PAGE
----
trump's big promise was to revive manufacturing, to bring jobs back to america. he did pretty well and had reasons to claim some success the first two years of his presidency, but this year, things have really changed, and we have seen what looks a lot like a manufacturing recession in america. in wisconsin, i was meeting with an agricultural equipment company. they had 250 workers who were furloughed over the labor day holiday and are going to have another furlough again in early october. things look very different there than they do on wall street, where, as you know, people are worried about a recession that is somewhere in the future. there are corners of this economy if you look in the u.s. that are actually already experiencing a recession. caroline: when though? how much can they stomach this recession? and your piece is so beautifully written, showing the frustration of trump saying this is
long-term, beneficial, and that it is good, certainly money going to farmers, which might in some way placate some of the issues, but clearly, he is claiming that china is bearing the cost of his tariffs. they feel it is an out and out lie, but do any of these business people realize it is a fight worth fighting in the longer-terms? hawn: -- longer-term? shawn: trump has a lot of support, and issues he has identified with china, the intellectual property theft, these subsidies you get there, the big state-owned sector in china, and its increasing venture out into the world, where it is competing with the u.s. and other companies. those are all legitimate issues. the thing you hear from business people is that they are frustrated with the way the president is waging this fight,
and in particular, frustrated with tariffs. this is not a big company i met with in wisconsin, a town of 3000 people, and they make agricultural equipment. they are in a part of the economy that has been hit both on the demand side, where farmers are no longer able to export their soybeans and other goods to china. that is a big market that has been written out, but they are hit on the cost side, as well, where this company is paying a lot more for its steel and a lot more for other components that go into these equipment, these and it is alsos, being hit by a shafter economy, and it is largely the result of these trade war's -- a softer economy, and it is largely a result of these trade war's -- war. romaine: tracking the pain we are seeing in some of the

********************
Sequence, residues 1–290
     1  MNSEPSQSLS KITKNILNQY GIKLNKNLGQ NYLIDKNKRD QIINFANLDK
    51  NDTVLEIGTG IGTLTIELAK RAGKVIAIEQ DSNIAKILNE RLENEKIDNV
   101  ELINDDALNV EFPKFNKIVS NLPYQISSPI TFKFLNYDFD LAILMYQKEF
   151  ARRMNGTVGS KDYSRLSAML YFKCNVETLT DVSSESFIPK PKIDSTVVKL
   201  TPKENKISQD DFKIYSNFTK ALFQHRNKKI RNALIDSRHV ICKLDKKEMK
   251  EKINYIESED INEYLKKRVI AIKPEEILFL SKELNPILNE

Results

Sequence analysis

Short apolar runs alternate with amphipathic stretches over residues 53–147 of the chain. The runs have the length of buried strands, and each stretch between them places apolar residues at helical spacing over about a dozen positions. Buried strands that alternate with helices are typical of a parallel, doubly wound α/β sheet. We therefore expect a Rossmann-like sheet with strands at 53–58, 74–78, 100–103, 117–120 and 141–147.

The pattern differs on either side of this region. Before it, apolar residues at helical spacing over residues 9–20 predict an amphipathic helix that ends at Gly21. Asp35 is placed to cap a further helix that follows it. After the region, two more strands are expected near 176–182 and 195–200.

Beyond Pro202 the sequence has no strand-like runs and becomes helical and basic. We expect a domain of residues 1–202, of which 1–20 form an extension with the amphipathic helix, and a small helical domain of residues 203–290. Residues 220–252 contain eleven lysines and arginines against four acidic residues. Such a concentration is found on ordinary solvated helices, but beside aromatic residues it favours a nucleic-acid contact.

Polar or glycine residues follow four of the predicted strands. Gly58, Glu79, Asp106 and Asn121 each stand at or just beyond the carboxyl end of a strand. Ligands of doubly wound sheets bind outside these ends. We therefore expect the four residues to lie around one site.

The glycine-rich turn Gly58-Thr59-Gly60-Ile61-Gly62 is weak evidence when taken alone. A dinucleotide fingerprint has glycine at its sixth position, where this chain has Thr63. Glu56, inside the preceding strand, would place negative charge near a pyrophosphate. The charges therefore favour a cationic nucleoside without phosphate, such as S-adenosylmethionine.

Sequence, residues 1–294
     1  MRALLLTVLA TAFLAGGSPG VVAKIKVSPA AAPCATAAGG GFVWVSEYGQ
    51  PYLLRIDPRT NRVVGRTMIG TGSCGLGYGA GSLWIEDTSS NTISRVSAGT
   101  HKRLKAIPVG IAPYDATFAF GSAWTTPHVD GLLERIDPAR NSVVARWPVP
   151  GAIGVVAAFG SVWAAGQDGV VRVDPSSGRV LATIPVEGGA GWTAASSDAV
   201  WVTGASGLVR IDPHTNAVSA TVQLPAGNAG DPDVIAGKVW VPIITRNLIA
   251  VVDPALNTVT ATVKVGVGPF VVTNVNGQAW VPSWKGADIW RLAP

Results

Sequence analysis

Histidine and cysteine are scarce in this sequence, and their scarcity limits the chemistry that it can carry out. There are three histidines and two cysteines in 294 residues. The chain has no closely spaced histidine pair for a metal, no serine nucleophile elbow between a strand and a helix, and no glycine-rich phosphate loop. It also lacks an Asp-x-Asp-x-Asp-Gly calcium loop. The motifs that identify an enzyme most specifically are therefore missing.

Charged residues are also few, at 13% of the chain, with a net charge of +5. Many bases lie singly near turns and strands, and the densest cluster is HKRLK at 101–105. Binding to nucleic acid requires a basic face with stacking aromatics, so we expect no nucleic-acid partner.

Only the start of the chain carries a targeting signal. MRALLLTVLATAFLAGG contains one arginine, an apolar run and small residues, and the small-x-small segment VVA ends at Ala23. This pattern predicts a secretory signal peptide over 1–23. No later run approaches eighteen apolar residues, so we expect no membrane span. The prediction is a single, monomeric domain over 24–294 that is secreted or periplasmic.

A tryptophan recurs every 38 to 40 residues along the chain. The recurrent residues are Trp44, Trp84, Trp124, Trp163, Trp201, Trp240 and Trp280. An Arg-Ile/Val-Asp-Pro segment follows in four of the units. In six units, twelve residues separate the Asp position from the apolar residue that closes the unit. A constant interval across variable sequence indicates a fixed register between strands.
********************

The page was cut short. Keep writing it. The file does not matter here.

sectors of the economy, the kicker is, despite all of that, they will vote for trump or vote for the republican ticket, just because of their own personal politics, and i am wondering if this economic pain is enough to override some of the support these people may have for other types of policies, some of the social policies and non-economic policies that may be brought them to trump or the republican party in the first place. shawn: that is a very good question. i would just tell you that gr eg, the president of the company i met with, voted for trump in 2016 and said he will not be voting for him in 2020. this is a manufacturing recession very close to what was going on in 2015 and 2016 when he was running, and now, he is the incumbent, and he has to weather that. nnan, a: ok, shawn do